- Alperen Sengun – People consistently mention him as someone who can play the 4, but I don’t believe that will be the case, at least during his rookie season, and with these partners in the frontcourt, I struggle to see him anywhere else other than the 5. Don’t think we’ll ever see him and Theis share the floor together.
So Theis does somewhat complement the Rockets’ frontcourt that was looking pretty thin thus far. I believe guys like House or KJ Martin or even Tate will be able to slot at the 4 in certain lineups but nothing significant enough to include them in this analysis. Unless, of course, Garuba is indeed sent to the G-League, opening up minutes for those guys.
What to look forward to in Summer League:
- Jalen Green – Quite honestly, I believe Jalen Green faced tougher competition in the G-League than he will in the Summer League, so I expect to see him dominate on the offensive end if that’s the role that’s assigned to him, which I expect it will be. It will be interesting to see what he’s worked on since the GLeague finished, since it’s been a while since we’ve seen him perform. I’d keep a lookout mainly for his passing and the reps he should get on the PnR with Sengun.
- Josh Christopher – From Christopher, I have no clue what to expect. I think most of what he showed in college doesn’t match up with the player he is. I’ve said this before, but ASU’s system was a lot of “my turn, your turn,” which led to their point guard hogging the ball a lot, leaving other players to try and do too much when they did get the ball. The spacing was also pretty atrocious, so it will be really interesting to see what he can make happen in a better system. Hopefully, he proves these theories right and looks a bit more in control and that helps with his shot selection.
- Alperen Sengun – When it comes to Sengun, I expect him to either completely dominate in the post given the touches or to be double-teamed a lot, in which case he usually finds the correct passes. The Summer League will be fairly poor when it comes to defensive big man (besides Mobley, of course), so I expect a player as mature as Sengun in the post to absolutely dominate. The question will be whether he gets the chances to do so, and I believe he will. What other reason could you possibly have to select Alperen if you arent going to exploit his best trait, even in a game for peanuts? It will be very interesting to see how well he does on defense. I think he will do well, but I don’t think thats going to be indicative of anything at the NBA level, sadly, where I think he will struggle a lot during his first season at the very least.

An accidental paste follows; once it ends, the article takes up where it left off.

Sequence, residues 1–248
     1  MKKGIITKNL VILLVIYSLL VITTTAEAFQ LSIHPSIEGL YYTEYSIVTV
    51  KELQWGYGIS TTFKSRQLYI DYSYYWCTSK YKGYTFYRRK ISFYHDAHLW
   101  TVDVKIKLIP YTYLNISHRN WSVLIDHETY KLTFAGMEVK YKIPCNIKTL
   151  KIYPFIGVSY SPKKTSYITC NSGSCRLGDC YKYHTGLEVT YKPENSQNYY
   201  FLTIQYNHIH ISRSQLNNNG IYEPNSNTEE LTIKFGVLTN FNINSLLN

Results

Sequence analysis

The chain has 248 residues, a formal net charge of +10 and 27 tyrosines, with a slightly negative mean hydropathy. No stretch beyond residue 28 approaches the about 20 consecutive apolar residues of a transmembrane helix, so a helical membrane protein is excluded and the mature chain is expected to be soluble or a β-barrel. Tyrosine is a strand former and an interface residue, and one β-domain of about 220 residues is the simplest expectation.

- Usman Garuba – Usman has been playing for Spain in the Olympics until this last week, so even though he is on the list for the Rockets in the Summer League, it’s possible that he doesnt arrive until later on in the week, as Jonathan Feigen alluded to. Usman was also in Spain just this week, so one could assume he’s going to get some days off before going to Las Vegas. As far as his play goes, we can expect his well-documented defensive prowess to show against lower-level/inexperienced talent in the Summer League. The two main things to watch for will be how much he fouls now that he’s playing by the NBA’s softer rulebook and how far along is his corner 3 is, which should impact the amount of minutes he’ll get at the next level quite a bit. PSA: In the Summer League players are allowed 10 fouls per game, as opposed to the normal NBA 6.
All in all, I expect a pretty exciting week for the Rockets fandom. We finally get to watch these guys we’ve been drooling about for months take the court in Rockets gear and it will definitely bring some much-needed positivity after a year as tough as the Rockets have had. Be sure to just enjoy it and not panic at mistakes, because they will happen. None of these guys are NBA level yet. Also be sure to join me and Don Knock every gameday on our Watch Party via Twitter Spaces, follow @ProdiGOnTwitt3r and @DonKnock for future updates!